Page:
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It’s Time to come to the water

Julia Baumann

We hear so often, “Come to the Water,” and perhaps in our lives, we have learned ways to dive deeper, to pray, to find God in the silence and to seek His forgiveness and Mercy in confession.

And if you are anything like me, this lesson has part of you saying “YES! I want more of you Lord, I’m ready to drink from the well.”

And part of you might also be like, “woah! Me? Drink the living water? Nah, even after confession, I’m not worthy to encounter Christ in that way. I’m too small, too sinful, and He’s so big and so pure. He could never really offer me water.”

Yet, in the Gospel for the Third Sunday of Lent, we heard of a woman who maybe had those same thoughts.

Now I’d like you to continue reading and picture yourself as the Samaritan woman.

It’s midday and you are walking to the well to draw water. The jar you carry now is relatively light, but you know how heavy the burden will be once it is full. The sun beats upon your skin, you feel as if you will burn to a crisp. The sand seeps into every part of your body and where there is not sand, there is rock that burns and slices, even with what meager sandals cover your feet. The air is so hot and dry that your lungs scream for relief, your throat yearns for moisture, but you have to reach the well to get it.

And you find yourself, asking yourself yet again, why you are so foolish as to walk to the well in the middle of the day and not the morning, but you ask yourself this every time and the answer is always the same. You can’t go to the well with the other women because your shame is too great. You are exiled by your own people, you can’t stand to go at the same time as them and bear the weight of their stares and whispers. So, you go at midday when the walk is most exhausting physically, but at least your ego, your heart, isn’t hurt so bad.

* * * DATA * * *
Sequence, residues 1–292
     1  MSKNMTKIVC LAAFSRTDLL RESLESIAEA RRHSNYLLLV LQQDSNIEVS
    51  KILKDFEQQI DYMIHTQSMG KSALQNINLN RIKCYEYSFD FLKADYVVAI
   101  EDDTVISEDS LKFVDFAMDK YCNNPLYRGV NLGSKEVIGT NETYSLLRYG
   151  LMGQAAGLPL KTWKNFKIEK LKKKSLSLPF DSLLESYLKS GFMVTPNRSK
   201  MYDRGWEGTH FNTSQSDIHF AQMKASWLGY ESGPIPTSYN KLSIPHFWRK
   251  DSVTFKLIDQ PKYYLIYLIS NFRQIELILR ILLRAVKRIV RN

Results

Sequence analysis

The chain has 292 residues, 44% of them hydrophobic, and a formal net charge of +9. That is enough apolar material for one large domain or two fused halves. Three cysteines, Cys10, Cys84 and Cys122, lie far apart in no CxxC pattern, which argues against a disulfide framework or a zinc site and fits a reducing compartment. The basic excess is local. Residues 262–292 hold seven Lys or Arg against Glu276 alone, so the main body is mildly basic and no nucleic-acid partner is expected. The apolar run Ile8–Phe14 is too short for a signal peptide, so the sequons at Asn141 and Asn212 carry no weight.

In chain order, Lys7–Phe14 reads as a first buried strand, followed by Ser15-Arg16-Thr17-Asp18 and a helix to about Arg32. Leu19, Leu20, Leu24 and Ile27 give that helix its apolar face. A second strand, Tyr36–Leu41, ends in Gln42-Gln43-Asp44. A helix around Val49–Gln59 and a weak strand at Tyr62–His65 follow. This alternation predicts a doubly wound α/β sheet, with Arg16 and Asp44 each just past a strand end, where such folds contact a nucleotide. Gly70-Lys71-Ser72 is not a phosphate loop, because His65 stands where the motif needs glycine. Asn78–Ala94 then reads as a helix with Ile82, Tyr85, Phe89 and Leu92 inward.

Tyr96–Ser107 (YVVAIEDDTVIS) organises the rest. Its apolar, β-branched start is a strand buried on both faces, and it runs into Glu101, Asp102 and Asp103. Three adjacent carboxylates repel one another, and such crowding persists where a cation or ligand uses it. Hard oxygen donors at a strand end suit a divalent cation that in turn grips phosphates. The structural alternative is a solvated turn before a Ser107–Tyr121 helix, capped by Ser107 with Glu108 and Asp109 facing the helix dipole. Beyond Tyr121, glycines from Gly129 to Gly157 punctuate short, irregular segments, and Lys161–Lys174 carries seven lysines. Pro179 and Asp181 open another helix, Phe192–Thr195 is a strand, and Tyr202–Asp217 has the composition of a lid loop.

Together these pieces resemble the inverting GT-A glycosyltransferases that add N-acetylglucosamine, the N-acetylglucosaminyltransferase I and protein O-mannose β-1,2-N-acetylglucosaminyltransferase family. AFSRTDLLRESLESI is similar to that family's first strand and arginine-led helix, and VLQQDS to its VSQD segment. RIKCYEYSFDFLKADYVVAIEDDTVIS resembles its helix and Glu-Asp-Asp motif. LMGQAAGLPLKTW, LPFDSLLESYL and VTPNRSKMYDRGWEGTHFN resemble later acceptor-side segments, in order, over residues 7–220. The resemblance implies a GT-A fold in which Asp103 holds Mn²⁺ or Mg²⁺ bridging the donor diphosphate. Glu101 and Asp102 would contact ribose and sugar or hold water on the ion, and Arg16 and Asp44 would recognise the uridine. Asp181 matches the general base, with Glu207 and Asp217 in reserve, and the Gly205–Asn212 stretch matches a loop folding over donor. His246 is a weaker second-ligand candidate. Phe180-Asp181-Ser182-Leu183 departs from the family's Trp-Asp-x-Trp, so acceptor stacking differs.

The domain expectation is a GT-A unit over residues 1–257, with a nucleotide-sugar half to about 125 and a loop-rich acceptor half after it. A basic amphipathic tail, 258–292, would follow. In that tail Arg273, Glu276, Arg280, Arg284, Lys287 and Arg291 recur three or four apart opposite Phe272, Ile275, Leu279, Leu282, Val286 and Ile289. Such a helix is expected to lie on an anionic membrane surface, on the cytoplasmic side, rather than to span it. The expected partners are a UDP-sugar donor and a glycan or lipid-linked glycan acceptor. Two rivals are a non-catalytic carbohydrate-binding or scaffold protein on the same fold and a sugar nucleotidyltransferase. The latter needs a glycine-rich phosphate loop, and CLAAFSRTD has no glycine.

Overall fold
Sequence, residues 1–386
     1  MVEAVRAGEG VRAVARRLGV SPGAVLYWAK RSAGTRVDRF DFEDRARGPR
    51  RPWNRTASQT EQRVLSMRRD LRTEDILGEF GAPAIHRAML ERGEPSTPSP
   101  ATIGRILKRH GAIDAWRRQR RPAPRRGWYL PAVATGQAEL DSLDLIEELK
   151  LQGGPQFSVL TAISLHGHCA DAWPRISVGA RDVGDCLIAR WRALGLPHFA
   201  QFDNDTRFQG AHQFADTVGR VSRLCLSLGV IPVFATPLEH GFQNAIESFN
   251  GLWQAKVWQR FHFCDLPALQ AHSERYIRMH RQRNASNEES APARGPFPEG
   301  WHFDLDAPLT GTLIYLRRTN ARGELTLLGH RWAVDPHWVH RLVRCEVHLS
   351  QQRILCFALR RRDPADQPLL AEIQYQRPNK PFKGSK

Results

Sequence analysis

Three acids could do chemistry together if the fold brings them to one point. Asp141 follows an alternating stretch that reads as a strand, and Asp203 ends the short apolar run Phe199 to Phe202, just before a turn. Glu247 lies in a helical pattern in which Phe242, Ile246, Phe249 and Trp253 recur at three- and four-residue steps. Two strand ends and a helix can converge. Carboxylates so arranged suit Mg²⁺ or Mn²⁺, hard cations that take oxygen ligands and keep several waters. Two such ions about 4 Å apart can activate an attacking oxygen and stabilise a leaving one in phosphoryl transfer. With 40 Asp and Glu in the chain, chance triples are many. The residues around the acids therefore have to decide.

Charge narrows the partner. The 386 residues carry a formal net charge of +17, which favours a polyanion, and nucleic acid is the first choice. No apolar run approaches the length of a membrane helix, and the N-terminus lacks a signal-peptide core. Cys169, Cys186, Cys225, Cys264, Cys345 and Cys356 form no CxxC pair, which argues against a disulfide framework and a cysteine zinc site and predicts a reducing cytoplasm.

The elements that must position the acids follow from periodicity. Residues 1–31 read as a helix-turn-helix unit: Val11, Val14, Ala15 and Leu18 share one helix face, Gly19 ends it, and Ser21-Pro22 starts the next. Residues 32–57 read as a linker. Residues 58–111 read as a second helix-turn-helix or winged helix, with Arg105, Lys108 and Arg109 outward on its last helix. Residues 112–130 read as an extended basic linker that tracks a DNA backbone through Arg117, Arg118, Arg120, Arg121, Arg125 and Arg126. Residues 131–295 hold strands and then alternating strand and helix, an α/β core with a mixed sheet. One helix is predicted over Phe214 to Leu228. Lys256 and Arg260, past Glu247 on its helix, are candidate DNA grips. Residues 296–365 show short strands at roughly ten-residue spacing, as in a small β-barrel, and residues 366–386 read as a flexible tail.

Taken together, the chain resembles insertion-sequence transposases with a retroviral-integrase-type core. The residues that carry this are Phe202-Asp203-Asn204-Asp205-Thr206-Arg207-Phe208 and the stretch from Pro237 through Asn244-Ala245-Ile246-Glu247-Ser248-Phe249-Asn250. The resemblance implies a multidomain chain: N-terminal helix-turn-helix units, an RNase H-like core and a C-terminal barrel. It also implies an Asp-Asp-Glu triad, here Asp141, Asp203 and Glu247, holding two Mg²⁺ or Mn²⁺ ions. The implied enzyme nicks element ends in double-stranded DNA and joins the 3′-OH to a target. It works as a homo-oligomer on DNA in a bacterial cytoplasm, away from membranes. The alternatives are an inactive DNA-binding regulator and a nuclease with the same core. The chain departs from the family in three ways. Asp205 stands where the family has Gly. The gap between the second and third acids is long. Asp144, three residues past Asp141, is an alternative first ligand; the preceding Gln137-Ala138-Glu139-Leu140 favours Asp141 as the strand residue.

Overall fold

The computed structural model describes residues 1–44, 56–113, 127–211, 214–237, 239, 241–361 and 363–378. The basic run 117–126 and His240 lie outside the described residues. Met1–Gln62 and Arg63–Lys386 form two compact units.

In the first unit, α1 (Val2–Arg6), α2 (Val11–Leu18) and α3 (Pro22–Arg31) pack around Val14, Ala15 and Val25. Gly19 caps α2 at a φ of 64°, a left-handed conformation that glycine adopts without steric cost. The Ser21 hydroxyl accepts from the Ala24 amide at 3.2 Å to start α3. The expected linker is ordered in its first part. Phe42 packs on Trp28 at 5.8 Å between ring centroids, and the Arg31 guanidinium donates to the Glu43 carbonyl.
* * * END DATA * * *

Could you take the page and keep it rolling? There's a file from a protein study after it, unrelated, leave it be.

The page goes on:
You FINALLY reach the well where you see a man sitting there, and you can tell He is a Jew though you are from, and in, Samaria.

You are slightly startled when he says to you, “give me a drink.” “A Jew? Asking YOU, a Samaritan, for a drink? How can He do such a thing? But when you say this to Him, He responds in an even more peculiar way.

“If you knew the gift of God and who is saying to you, ‘Give me a drink,’ you would have asked him and he would have given you living water.”

This man does not even have a bucket, how then does He expect to get this “Living Water?”

He responds to your remark saying, “everyone who drinks this water will be thirsty again. But whoever drinks the water I shall give, will never thirst; the water I shall give will become in him a spring of water welling up to eternal life.”

Well, this sounds like exactly what you need. If you never thirst again, you wouldn’t have to make this journey every day. So, you respond, “sir, give me this water so that I may not be thirsty or have to keep coming here to draw water.”

We know where the story goes from there. Jesus tells her to go call her husband and then tells her all that she has done. He tells her the very reason she walks to the well in the middle of the day’s heat.

See, the woman at the well is a lot like us. As excited as she was for this living water, some part of her thought there was a catch, that there was something she had to do to earn it. She asked for the water and yet some part of her still doubted that she could possibly be worthy.